Monthly Archives: April 2014

Welcome to the Spotlight Mariko Nagai and Dust of Eden!


I’m absolutely thrilled to be shining the spotlight on Mariko Nagai and her debut middle grade novel in verse, Dust of Eden. I first met Mariko in 2006, I believe. I was living in Shanghai at the time and made a trip to Tokyo and met up with some wonderful SCBWI members in Japan. Stay tuned below for a chance to win a copy of this powerful book!


Dust of Eden by Mariko Nagai (Albert Whitman & Co./2014)

After the bombing of Pearl Harbor, Mina Masako Tagawa and her family are forced to leave their home in Seattle and relocate to an internment camp in Idaho. This is the story of the Japanese-American internment during WWII. In poignant and powerful verse, Mariko Nagai tells the story through middle-schooler Mina. Mina who has to leave behind everything – including her cat and best friend. In the dusty barrack camps where the families are crammed together with no privacy and little amenities, Mina’s family cracks under the strain. Mina’s brother angry in camp, volunteers for the Japanese-American infantry to fight in the war. The beauty lies in the telling – Nagai’s verse is filled with emotion. Grandpa’s beloved roses survive in the harsh environment and serve as a reminder that under even the harshest conditions, beauty can be found.

Spotlight on Mariko Nagai:

How did this book come about? Please share with us the journey of Dust of Eden, from idea to research to drafting to sale.

The book story has been with me for a very long time – you can almost say that it’s a lifetime’s work. When I was eight, we moved to San Francisco, where there were many Japanese-Americans living there. That’s the first time I heard about “the camp” that Japanese-Americans had to live in during World War II. As I grew older, I learned different aspects of the Japanese-American experience, both good and bad. It was maybe in 2002 or 2003 when Mina, the protagonist, came to me fully, and she told me that she lived in Seattle and that she had two names – Mina and Masako – and sometimes she wasn’t sure which name was really her. It took several years to do research. The writing itself came rather quickly, but it took several years to revise, to sell it to the right publisher, and… well, it was a very long journey from idea to sale, but the journey was worth it.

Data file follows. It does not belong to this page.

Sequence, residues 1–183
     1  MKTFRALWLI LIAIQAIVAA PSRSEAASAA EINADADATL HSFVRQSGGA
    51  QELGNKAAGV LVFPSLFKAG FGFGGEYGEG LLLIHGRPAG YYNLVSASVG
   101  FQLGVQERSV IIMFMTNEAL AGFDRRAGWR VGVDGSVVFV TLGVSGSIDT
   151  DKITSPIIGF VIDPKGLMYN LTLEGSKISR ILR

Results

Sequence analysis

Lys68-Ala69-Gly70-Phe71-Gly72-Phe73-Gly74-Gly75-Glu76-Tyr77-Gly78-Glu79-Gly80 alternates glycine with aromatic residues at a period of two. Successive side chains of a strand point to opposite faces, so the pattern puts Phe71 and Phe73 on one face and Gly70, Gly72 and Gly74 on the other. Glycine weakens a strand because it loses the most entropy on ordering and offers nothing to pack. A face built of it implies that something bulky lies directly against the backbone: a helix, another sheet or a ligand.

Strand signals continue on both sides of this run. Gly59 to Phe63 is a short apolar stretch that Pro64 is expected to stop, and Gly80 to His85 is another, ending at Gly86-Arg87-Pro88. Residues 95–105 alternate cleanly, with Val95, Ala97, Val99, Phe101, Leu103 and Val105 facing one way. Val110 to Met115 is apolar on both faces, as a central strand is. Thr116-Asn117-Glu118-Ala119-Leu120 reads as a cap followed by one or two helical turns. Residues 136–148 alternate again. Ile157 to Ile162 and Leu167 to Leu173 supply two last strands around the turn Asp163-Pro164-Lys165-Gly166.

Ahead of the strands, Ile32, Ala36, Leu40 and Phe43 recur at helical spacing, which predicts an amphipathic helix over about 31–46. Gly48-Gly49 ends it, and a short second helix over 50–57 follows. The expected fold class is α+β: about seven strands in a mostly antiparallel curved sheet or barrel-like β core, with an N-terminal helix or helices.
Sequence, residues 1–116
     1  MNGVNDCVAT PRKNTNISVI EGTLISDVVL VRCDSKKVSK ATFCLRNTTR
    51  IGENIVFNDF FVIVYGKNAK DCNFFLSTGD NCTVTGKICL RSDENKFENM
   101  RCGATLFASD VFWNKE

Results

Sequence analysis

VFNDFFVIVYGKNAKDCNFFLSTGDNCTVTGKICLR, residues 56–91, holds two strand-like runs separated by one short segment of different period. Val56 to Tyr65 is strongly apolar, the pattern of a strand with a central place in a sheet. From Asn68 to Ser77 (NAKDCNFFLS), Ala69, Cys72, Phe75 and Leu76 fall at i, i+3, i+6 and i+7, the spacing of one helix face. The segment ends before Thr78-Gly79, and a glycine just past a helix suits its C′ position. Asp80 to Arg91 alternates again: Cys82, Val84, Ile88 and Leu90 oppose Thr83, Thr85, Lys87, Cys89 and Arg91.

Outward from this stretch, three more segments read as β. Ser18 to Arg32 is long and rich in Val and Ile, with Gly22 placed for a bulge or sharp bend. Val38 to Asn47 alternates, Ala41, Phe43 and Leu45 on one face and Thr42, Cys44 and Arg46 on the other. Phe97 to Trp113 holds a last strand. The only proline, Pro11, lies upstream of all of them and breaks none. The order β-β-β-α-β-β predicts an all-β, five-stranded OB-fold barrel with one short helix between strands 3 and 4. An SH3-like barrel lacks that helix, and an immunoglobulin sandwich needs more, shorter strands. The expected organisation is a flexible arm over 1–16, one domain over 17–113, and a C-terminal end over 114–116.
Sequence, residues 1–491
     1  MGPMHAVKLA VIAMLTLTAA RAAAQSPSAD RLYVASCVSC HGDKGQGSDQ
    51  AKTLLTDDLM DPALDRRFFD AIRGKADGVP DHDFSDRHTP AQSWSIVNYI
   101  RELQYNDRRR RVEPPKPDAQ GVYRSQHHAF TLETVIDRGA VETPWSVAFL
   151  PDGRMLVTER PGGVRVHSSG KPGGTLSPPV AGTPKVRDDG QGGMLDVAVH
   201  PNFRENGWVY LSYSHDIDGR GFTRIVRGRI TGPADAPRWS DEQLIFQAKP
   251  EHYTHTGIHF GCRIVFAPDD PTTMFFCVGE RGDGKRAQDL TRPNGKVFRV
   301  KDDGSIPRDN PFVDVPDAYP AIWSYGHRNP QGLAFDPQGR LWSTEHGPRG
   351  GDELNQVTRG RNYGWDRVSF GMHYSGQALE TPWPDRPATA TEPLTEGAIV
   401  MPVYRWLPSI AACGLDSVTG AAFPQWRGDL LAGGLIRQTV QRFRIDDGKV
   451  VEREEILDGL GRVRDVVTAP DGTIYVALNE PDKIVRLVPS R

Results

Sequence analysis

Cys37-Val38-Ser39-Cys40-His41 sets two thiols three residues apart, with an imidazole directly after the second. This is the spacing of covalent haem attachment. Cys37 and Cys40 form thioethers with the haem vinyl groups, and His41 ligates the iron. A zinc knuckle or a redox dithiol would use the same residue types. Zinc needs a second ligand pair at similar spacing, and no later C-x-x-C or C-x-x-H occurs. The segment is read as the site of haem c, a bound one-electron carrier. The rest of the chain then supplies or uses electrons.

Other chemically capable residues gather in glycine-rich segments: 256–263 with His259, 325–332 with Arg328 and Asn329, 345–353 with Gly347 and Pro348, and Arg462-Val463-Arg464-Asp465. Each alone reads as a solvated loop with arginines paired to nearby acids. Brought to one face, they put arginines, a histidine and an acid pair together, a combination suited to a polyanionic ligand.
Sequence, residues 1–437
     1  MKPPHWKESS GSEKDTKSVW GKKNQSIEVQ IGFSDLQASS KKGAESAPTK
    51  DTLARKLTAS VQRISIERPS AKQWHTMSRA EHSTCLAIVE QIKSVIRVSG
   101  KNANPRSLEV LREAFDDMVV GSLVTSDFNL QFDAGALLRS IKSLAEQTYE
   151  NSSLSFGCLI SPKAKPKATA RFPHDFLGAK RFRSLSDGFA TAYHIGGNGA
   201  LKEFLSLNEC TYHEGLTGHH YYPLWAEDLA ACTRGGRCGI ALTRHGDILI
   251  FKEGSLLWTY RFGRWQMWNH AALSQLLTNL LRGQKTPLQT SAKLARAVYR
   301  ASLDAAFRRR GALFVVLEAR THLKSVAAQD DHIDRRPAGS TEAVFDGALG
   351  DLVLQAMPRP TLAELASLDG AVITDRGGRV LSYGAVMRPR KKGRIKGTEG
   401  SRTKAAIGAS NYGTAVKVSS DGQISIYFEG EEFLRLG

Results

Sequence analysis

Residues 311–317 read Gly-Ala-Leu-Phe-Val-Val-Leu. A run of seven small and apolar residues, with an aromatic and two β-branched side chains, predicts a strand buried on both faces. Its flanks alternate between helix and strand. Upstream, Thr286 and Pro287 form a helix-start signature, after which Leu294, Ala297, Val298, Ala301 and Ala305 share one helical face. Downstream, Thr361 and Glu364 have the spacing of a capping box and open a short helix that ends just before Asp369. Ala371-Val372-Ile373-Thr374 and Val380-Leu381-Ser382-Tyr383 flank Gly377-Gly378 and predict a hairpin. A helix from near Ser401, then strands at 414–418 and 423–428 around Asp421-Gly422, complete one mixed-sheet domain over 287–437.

I am not a poet. I am in awe of you – poetry and novels in verse. What are some of the special challenges when it comes to telling a story in verse?

I think one of the things I am still learning is how to write poems, which are like snapshots, while answering to the demand of the novelistic form – character development, action, etc. In many ways, in the perfect verse novel, you have poems that can stand on their own while having characters develop in a way that’s demanded by the novel form. You also have to answer to the demand of poetry – rhythm, forms, rhyming, etc . Often times, when verse novelists write, they are more focused on the structure and they sacrifice poetic elements for the sake of the novelistic form. It’s difficult, but there are wonderful poets who engage with verse-novels elegantly and wonderfully – Helen Frost, Margarita Engles, Marilyn Nelson, Nikki Grimes, Karen Hesse, etc.

Mina has to deal with huge change, not only from her comfortable home in Seattle to the barracks in Idaho, but in the demeanor and behavior of her beloved family. The emotions come through so strongly in your verse – how did you get to know Mina?

I’m not sure if I got to know Mina all that well – because poetic form demands that I focus on the moments, I could draw from my own experiences – anger, bewilderment, fear, hopelessness, love, closeness. As I wrote, the first draft took relatively a short time to write, but getting each emotion right in each poem, oh, that was a difficult part. Mina/Masako couldn’t articulate her feelings, and I had a hard time sorting it out in each poem.

You were born in Japan, raised in the States and Belgium and now live in Tokyo. What do you love best about each place you’ve lived?

I love each place! Each place is so rich with history and stories, it’s going to take me a lifetime to go through them! I love traveling, I love experiencing new places. There’s so many stories, so many places, I would love to explore!